Good nutrition directly linked to physical and cognitive performance, study finds
A new study by researchers at the University of Illinois, Urbana-Champaign, Abbott, and the U.S. Air Force Research Lab found a direct link between physical fitness, cognitive performance, and optimal nutrition. The findings were published in the journal Scientific Reports.
The double-blind study examined the effectiveness of optimal nutrition and exercise to enhance fitness and cognitive performance among a population of active-duty men and women in the U.S. Air Force. Researchers divided the 148 study participants into two groups for 12 weeks. Both groups performed the same training program, which included a balanced exercise program comprised of aerobic and resistance training performed five days per week. In addition to the training program, one group was given a prototype nutritional drink, the other group received a placebo.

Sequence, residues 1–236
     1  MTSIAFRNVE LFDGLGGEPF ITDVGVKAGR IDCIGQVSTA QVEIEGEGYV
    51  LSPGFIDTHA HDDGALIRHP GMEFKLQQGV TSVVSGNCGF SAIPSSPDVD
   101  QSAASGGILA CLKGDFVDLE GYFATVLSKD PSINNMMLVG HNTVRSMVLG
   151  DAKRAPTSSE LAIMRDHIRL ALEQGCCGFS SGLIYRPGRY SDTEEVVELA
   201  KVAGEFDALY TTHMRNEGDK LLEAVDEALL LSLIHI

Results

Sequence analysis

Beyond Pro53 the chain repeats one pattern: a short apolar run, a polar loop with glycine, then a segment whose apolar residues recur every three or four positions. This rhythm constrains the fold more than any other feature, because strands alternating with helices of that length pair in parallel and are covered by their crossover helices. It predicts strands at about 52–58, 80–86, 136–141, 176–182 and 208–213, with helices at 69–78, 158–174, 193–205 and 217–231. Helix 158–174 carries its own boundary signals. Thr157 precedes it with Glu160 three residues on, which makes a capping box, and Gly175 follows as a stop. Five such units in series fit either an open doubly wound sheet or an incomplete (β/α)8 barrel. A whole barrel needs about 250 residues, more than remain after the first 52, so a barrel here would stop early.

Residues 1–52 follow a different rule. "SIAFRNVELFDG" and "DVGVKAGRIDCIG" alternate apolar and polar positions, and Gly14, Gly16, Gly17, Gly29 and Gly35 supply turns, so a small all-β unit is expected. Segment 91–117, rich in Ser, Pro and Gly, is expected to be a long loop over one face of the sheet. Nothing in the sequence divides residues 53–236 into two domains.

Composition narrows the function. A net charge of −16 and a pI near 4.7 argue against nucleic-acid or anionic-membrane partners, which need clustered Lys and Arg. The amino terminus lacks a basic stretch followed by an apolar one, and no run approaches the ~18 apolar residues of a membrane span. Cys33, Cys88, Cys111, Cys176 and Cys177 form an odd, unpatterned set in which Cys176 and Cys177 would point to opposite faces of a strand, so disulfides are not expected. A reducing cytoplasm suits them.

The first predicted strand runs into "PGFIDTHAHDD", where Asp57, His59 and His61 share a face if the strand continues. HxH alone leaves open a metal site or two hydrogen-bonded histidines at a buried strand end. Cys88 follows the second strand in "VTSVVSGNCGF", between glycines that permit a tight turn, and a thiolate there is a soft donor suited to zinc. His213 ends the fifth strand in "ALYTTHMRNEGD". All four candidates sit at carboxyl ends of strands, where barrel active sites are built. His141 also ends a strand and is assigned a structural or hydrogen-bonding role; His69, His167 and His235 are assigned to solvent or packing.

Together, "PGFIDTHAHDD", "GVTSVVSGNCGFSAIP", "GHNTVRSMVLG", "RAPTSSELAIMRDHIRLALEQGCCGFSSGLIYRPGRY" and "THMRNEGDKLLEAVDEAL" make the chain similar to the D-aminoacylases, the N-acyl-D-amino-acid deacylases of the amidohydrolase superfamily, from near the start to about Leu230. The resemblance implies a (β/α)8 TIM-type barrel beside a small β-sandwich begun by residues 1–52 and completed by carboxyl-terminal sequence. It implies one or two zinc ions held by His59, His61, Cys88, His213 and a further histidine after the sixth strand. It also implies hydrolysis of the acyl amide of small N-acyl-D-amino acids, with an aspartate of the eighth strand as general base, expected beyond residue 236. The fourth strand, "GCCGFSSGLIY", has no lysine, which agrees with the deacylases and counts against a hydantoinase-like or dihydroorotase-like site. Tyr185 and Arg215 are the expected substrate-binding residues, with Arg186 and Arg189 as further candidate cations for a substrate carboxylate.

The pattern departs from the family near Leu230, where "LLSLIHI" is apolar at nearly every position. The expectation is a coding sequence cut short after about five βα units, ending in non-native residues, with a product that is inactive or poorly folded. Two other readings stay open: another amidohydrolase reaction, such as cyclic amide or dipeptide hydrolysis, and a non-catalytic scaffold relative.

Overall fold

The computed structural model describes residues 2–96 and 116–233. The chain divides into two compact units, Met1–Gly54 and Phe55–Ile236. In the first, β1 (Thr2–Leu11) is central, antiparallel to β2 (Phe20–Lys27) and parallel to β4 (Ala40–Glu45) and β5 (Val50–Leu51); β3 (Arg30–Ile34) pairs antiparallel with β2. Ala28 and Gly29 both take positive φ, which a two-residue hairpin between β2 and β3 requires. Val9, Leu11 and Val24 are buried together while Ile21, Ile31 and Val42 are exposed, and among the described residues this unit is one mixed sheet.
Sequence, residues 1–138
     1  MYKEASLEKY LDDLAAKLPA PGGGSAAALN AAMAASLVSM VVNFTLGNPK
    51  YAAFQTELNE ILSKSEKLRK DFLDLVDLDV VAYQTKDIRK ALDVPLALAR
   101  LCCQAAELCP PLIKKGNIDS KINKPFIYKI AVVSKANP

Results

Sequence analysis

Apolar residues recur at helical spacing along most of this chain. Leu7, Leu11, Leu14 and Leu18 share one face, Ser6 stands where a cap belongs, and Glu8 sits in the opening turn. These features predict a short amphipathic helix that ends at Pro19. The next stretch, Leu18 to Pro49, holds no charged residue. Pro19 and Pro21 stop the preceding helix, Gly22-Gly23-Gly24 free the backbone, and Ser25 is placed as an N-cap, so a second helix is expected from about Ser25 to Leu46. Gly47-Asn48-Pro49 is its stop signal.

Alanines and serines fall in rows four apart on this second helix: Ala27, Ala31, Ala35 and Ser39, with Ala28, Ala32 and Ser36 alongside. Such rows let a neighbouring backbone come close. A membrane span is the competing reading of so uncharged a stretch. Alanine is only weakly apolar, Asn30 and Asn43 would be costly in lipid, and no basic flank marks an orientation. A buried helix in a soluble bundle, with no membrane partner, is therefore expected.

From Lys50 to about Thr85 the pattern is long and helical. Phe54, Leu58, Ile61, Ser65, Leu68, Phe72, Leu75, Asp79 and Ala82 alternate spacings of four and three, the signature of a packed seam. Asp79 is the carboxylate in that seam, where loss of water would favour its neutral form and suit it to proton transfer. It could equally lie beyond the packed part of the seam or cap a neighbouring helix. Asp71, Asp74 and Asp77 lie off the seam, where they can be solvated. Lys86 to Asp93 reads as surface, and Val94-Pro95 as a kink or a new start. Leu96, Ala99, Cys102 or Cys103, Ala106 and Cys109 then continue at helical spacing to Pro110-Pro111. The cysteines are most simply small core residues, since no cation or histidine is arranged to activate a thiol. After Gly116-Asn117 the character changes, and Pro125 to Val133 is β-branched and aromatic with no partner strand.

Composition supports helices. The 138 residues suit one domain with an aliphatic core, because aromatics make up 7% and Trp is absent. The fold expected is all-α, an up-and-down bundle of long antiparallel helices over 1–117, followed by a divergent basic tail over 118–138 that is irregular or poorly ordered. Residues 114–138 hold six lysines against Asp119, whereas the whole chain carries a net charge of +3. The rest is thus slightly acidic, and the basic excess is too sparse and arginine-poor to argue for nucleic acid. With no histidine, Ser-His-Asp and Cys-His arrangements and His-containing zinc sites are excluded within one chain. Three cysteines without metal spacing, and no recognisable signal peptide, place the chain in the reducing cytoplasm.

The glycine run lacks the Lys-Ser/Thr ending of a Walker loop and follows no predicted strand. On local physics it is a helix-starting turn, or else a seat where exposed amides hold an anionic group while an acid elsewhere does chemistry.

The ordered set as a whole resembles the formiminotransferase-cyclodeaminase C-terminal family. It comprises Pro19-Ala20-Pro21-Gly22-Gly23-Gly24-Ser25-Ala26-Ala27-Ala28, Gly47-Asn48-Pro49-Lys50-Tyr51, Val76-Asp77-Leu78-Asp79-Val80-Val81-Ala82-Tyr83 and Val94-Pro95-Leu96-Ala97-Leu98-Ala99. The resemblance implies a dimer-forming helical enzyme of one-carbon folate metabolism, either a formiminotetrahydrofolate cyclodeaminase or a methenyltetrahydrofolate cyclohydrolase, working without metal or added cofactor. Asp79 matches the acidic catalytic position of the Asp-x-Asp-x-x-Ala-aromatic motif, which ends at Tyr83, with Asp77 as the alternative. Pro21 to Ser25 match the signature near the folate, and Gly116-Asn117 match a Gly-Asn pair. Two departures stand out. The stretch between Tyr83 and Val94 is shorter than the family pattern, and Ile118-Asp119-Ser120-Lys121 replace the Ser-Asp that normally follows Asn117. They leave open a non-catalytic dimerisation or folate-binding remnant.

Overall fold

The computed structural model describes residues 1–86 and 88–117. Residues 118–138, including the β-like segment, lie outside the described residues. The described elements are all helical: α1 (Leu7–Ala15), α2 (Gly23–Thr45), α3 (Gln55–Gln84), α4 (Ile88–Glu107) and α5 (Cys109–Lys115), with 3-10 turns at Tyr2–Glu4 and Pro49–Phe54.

The study showed that exercise, along with the addition of a high-protein nutrition drink containing lutein, omega-3 fatty acids, phospholipids, vitamin D, and beta-hydroxy-beta-methylbutyrate (HMB), led to statistically significant changes to the following compared to exercise alone, according to the study.
The study also found improved working memory by 11 percent (i.e., information processing and problem-solving), which predicts multitasking and is often impaired under stress), improved reaction time by 6 percent participants became faster and more accurate, increased muscle mass by more than two pounds, and lowered resting heart rate by 8 percent. Resting heart rate improved from 71 beats per minute to 65 beats per minute, the study said.
“The physical and mental health benefits of exercise are well known, but this study demonstrates how optimal nutrition can help boost brain function as well," said Chris Zwilling, Ph.D, lead study author, in a statement. "We are excited by the results because they provide critical insights into how simple dietary changes can make a big difference in helping people be as efficient and productive as possible in today's world.”